'Empathetic' software is set to change the way we shop
Empathy has always been an inherently humane characteristic -- but already, there are several AIs claiming at least some degree of it.
It’s grocery shopping day and you enter your favorite big store. One of the shop’s social robots, a shiny black-and-white humanoid with a round disc with a big blue eye for a face and a cylindrical base for a body walks up to you.
“Hey, is that how you pronounce your name?” it says. You are in a hurry and the last thing you want is a robot talking to you. You curtly answer “Yes.” The android immediately takes off. Another day, though, you float around the shop, wearing a kind of puzzled expression on your face. This time your yes to your silicone conversationalist bears much friendlier undertones. “Can I help you?” the bot asks. “Sure,” you say, and the automaton gives you a tour of the latest products, deals and offers, until you are sure you have navigated the big grocery store in the most satisfying way.
The above is a scene from the retail environment that might be our reality in a few years from now according to Rana el Kaliouby, visionary computer scientist, entrepreneur, and author of Girl Decoded, the book where she recounts the story of her mission to humanize technology with empathy. It is the outcome of the advent of emotionally and socially literate artificial intelligence (AI) agents into the realm of retail, or else the advent of AIs with empathy.
So far, empathy has always been an inherently humane characteristic
Empathy is a highly praised component of emotional intelligence; it is the ability to put yourself in another person’s shoes, to understand and identify with them, and to carefully consider their perspective. It is an inherently humane characteristic that machines cannot in any way currently partake of. Futurist author and computer scientist Ray Kurzweil predicts empathetic agents will be mainstream in less than 10 years from now though. Yet even at the time of speaking, there are several AIs claiming at least some degree of empathy on the market.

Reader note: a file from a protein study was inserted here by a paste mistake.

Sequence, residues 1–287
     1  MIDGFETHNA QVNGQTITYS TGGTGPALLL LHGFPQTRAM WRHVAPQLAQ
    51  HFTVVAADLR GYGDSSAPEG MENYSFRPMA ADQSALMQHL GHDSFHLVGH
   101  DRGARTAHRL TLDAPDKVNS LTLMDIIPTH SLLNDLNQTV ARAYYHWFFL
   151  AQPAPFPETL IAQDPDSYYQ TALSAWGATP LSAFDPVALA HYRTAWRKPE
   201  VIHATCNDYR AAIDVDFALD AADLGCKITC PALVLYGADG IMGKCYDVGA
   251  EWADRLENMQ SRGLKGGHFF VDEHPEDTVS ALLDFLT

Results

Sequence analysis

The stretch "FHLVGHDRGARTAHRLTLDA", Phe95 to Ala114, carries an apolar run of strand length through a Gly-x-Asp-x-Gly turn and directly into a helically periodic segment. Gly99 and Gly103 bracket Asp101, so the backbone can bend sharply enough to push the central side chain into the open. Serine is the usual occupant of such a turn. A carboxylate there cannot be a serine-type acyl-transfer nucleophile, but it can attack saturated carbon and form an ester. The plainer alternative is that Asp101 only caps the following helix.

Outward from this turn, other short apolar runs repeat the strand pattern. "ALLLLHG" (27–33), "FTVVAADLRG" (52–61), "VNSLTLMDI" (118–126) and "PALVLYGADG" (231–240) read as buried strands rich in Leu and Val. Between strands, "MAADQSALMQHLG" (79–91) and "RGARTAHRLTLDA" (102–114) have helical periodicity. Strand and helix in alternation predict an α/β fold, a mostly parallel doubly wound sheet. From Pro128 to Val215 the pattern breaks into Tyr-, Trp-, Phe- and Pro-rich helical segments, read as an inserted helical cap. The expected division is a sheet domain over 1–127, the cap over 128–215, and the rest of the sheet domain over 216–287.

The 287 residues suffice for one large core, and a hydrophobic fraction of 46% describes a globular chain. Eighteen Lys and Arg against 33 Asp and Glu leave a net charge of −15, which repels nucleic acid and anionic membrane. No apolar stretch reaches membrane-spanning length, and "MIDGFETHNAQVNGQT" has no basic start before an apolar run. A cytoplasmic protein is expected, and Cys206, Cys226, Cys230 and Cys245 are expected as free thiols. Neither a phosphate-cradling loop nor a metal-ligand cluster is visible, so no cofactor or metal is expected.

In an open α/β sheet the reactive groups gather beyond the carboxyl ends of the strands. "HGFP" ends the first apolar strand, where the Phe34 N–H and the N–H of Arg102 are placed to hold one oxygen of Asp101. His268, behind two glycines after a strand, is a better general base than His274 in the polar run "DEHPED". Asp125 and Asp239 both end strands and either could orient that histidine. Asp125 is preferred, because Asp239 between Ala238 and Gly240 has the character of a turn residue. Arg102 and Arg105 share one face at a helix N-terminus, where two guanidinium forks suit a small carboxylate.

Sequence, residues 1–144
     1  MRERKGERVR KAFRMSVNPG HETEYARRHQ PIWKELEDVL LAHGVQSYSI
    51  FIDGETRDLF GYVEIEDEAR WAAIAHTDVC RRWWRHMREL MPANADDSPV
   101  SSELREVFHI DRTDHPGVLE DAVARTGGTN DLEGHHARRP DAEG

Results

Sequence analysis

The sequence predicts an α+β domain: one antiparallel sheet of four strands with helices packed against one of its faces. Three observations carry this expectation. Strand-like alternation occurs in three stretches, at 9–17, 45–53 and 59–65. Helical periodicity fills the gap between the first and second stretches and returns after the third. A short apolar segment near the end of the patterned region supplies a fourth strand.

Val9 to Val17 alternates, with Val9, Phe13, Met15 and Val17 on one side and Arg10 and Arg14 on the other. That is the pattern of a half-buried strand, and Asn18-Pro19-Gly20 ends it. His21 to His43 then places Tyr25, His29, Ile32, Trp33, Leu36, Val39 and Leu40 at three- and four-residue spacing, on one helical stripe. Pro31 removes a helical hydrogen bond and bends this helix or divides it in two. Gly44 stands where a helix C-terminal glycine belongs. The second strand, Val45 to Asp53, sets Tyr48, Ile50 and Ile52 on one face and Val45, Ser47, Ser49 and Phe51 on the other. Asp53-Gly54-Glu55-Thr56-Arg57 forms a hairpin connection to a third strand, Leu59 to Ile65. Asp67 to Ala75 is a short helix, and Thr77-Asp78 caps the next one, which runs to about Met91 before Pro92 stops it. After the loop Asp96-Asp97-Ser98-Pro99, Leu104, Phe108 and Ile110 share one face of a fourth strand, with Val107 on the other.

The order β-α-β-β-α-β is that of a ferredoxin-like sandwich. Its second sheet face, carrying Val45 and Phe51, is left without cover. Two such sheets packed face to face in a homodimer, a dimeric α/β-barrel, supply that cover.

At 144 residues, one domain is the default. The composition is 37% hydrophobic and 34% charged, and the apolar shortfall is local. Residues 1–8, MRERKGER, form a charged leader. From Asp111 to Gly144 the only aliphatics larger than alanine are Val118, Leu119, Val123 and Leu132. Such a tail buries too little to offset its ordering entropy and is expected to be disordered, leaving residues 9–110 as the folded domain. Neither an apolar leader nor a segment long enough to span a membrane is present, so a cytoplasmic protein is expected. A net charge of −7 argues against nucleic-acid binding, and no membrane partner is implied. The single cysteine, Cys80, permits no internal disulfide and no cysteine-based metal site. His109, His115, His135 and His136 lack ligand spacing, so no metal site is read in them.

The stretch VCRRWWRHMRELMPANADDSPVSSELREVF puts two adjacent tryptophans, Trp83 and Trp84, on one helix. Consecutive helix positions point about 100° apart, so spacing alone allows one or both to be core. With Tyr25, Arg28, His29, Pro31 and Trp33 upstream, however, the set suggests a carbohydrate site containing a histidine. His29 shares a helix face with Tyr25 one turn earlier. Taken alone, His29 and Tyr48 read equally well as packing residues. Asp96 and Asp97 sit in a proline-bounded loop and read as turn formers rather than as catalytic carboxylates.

Take Shift, for example, an online, peer-to-peer, marketplace for buying and selling used cars. “We are the first business to ever use Pulsar AI, and this is for customers to interact with us through email and text message,” says George Arison, cofounder of Shift. Arison says that what sets his AI apart from others currently on the market is the spot-on quality of Pulsar’s reply.
“We get a lot of emails that have multiple questions or requests in them at the same time. Most AI bots break down in that type of an environment - they can’t answer that (try to ask Siri a ton of questions at once),” he says. He is confident that their own AI not only understands multi-question inputs, but can also give educated and accurate responses to each and every one of these questions and engage the customer in every step of the communication. “This type of technology is what you would need if you want to have a bot with empathy,” Arison says.
Right now, digital assistants are severely lacking contextual understanding
A few years ago principal software engineer at business and financial software company Intuit Wolf Paulus was driving on a highway when he received a notification from his digital assistant that “there was traffic ahead because of a fatality!” in an upbeat tone. “My digital assistant was basically telling me somebody had died in a happy way...” Paulus recalls. “This made me realize the importance of empathy and contextual understanding in the messages these AIs are relaying.
He was immediately tempted to fill his own software with empathy. Intuit’s QuickBooks Assistant is now claiming a piece of the empathetic conversational design pie: it features a “small talk” that “listens” for direct expressions of emotions like anger, excitement, or sadness in your voice, with the company saying they are evolving their chatbot to explore sentiment analysis in their text-based tool.